Courtesy Reuters An Islamic State fighter near Kobani, October 7, 2014.
Foreign Affairs From The Anthology: The ISIS Crisis
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Hammer and Anvil

How to Defeat ISIS

At the top of U.S. Secretary of Defense Ashton Carter’s agenda for 2015 is stopping the Islamic State of Iraq and al-Sham (ISIS). Many critics assert that the current policy of limited air strikes is insufficient to defeat or seriously weaken ISIS and have offered radical alternatives. However, these “cures” are far worse than the disease. The best plan is to aggressively move forward within the broad parameters of the current strategy, building on its successes and vastly diminishing ISIS’ power and influence by the time U.S. President Barack Obama leaves office in two years. 


There are two prominent (and nearly polar opposite) alternatives to current policy. At one extreme, CFR Senior Fellow Max Boot calls for the deployment of up to 30,000 U.S. ground combat troops, a U.S.-enforced no-fly zone, and incentives to enlist Turkey as an active military partner in the fight—all in order to push the Kurds, the Shia-dominated Iraqi security forces, and Sunnis to work together to roll back ISIS from its strongholds in Iraq and Syria. At the other extreme, retired Air Force Lieutenant General David Deptula argues that a vastly expanded air campaign against ISIS’ leadership and economic and military centers of gravity can so weaken the group that a broad Sunni resistance will quickly rise up, making any U.S. Special Forces on the ground unnecessary.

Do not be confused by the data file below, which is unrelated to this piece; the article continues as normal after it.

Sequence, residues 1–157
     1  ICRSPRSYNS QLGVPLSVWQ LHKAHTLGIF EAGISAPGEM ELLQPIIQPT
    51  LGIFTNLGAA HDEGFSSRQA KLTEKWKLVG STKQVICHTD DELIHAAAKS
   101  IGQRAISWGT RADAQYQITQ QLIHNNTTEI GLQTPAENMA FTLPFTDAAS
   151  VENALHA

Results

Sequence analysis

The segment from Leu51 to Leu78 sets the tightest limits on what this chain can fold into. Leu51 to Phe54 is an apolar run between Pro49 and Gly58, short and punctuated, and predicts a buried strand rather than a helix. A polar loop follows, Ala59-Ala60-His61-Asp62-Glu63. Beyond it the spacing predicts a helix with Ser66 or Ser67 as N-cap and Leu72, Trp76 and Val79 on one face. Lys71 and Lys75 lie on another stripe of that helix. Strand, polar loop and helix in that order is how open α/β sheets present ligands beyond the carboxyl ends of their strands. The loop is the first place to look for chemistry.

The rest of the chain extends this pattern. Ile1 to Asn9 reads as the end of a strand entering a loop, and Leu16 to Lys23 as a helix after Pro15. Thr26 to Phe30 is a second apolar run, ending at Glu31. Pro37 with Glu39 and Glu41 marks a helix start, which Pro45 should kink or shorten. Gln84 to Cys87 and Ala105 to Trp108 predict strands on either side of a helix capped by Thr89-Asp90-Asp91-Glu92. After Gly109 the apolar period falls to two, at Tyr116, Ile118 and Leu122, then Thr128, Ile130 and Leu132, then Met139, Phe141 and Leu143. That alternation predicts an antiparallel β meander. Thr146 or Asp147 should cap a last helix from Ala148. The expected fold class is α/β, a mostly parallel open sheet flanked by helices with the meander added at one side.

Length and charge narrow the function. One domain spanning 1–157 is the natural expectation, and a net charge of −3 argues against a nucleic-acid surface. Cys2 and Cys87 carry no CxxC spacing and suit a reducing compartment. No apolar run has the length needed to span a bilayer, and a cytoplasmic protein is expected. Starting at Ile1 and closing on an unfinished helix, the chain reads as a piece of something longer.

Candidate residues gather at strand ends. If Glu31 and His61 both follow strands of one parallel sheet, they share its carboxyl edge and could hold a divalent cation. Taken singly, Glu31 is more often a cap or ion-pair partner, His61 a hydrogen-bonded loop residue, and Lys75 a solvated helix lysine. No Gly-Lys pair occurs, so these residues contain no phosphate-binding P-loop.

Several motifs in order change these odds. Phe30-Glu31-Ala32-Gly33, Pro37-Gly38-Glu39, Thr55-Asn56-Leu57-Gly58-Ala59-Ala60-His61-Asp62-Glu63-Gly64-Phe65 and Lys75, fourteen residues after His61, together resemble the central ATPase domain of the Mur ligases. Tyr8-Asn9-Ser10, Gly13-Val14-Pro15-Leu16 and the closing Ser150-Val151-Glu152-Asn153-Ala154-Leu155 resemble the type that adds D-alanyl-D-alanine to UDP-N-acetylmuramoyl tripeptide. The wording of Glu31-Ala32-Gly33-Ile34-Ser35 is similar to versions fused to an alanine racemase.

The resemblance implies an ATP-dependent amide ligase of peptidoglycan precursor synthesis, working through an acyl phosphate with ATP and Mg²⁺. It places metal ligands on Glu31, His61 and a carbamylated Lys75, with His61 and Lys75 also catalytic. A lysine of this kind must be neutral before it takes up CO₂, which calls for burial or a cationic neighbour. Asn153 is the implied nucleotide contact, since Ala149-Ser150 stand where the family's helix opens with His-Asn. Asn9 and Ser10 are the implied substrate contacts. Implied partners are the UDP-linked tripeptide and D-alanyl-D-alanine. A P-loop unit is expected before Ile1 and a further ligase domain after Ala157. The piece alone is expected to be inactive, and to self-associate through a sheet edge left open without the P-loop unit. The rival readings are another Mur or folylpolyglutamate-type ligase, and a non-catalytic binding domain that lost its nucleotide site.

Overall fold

These proposals are as unrealistic as they are ambitious. No doubt, Washington would love to find a silver bullet to quickly defeat ISIS in Syria and Iraq, but neither of the proposals is likely to work as advertised. There are over 20 million Sunnis in Syria and Iraq, a large fraction of which are now cooperating (passively or actively) with ISIS and would fight hard to avoid Kurdish and Shia domination, much

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